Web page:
lessons learned from colorizing a picture.

This was one of the first times that I have colorized an old B&W picture. This is what I have learned:

  1. It is hard to get skin tones right. My solution was to add a picture of myself and to use the color picker tool. Even then, I had to try several places on my face to get the right tone (it seems every pixel is slightly different).

  2. Eyes are hard to get right. That is, it is hard to colorize the face and then for the eyes to look right. I wound up putting the original B&W as the bottom layer with the faces on one of the highest layers. And then to make the eyes transparent on the colorized faces.

  3. Hair is hard to get right. That is, it is hard to colorize the face and then for the hair to look right. I wound up putting the hair (also eyebrows and moustaches) as the topmost layer. On this layer, I made everything except for the hair to be transparent. I darkened it a little too.

  4. In a few places, there was a dark color adjacent to a dark color. I had to use my imagination to determine where one figure ended and another began. In one case, I added a flower pattern dress where one did not exist, to add interest.

  5. Each particular color has it’s own layer. For each layer, I spent much time erasing what should not be colored. Later I learned to use Edit->Copy to copy smaller areas from the B&W layer and paste in place to a transparent layer. This is much easier.

  6. I wound up with 15 layers. I moved them around many times in an attempt to determine where smudges were coming from. I learned to add numbers in the layer attributes so that I could put them back into the desired order.

  7. The bride’s bouquet was not especially clear in the pictures. I wound up adding some pictures of flowers from the internet. The bride preferred hydrangeas, so I added some. And for interest I colored the groom’s tie to match the flower.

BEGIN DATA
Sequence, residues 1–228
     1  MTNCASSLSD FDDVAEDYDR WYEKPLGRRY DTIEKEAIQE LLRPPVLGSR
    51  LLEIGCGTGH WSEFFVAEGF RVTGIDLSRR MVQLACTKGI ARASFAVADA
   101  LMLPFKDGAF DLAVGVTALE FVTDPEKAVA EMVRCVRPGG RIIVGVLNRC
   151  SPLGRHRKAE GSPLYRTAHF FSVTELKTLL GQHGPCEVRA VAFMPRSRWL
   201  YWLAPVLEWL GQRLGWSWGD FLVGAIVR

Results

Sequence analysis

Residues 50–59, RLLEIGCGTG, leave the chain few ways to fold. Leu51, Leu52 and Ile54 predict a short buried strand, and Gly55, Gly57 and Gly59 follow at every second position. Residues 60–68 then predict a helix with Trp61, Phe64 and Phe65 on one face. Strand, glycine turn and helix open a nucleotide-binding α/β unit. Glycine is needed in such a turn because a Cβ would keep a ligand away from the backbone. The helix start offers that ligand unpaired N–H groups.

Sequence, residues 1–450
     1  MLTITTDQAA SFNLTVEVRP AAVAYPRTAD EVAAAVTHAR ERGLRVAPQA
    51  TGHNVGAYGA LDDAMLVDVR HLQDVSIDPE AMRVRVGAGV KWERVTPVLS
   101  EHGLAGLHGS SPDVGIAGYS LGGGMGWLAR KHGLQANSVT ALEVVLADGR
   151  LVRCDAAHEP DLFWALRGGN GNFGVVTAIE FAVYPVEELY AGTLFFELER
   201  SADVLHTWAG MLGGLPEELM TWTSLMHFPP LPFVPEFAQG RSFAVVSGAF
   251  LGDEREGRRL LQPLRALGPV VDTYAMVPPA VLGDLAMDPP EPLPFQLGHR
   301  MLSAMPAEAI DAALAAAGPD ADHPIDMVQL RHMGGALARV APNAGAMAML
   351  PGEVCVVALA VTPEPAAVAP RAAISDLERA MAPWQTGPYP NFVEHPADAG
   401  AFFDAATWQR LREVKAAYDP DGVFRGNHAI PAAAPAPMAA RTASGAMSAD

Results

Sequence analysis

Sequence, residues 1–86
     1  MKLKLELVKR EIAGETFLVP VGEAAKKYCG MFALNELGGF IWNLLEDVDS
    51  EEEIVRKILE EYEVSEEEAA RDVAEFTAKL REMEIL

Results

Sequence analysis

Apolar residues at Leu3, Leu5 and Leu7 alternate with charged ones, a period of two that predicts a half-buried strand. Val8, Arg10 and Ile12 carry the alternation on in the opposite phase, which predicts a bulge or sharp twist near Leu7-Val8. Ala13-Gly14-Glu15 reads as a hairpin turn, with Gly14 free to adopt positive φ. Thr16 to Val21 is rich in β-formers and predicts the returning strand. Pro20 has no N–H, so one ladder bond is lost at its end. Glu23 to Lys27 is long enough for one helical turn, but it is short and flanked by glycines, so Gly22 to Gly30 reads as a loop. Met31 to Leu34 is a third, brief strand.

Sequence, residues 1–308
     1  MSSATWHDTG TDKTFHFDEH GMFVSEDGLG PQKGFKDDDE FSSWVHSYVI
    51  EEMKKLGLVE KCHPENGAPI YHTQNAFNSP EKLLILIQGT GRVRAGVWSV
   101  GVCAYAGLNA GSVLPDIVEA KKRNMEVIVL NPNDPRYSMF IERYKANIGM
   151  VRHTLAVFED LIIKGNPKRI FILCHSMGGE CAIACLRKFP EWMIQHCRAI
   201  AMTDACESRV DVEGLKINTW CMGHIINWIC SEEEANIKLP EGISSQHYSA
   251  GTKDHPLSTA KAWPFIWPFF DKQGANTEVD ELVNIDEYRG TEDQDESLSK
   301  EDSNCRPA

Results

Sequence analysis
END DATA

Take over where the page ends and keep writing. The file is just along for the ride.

8. Part of the background was a black void into the church. I did not like that, so I got a picture from a similar church and made it somewhat visible.

  9. Its very easy to lose track of which layer has focus. Many, many times, I used the eraser/airbrush on the wrong layer. Ctrl/Z to undo is my best (non-human) friend. I also learned to make duplicates of layers in case I made too many errors and had to revert to an older version.

  10. There were a few people in the dark and I just could not get the color right, so I just removed them (sorry).

  11. The original picture was not particularly clear, but the result was still surprisingly satisfying.

Here are the before and after pictures.


I think you did a nice job & thanks for sharing!

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Nice job. I have done similar my self. Takes lots of layers and patience. Makes me wonder how they turn B/W movies into color.


An excellent result!

A few years ago I was asked to write a tutorial to explain how I had coloured a photograph.
I have attached the tutorial in case it suggests ways to make the process (slightly!) easier.
The lessons I learnt were to name all the layers and channels to avoid confusion and to “steal” colours from other photographs - particularly for skin and eyes.

desat_col_cast.pdf (81.9 KB)

However, colouring a photograph will never be quick or easy!

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